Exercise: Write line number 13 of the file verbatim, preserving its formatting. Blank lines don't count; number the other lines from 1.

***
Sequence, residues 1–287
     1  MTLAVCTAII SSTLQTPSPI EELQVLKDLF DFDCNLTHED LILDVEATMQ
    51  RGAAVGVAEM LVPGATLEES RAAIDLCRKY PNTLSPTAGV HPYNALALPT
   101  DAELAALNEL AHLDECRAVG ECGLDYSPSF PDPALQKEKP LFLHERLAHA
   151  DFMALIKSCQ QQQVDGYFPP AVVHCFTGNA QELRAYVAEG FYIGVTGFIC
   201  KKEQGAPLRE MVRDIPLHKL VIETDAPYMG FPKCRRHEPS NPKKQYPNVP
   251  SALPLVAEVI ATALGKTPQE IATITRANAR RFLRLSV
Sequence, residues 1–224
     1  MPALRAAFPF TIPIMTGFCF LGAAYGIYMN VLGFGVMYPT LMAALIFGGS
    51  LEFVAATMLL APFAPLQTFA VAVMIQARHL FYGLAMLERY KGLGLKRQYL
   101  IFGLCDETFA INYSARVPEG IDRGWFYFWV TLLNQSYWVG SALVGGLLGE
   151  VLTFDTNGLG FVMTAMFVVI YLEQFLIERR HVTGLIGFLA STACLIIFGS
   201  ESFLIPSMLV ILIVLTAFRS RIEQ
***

   201  ESFLIPSMLV ILIVLTAFRS RIEQ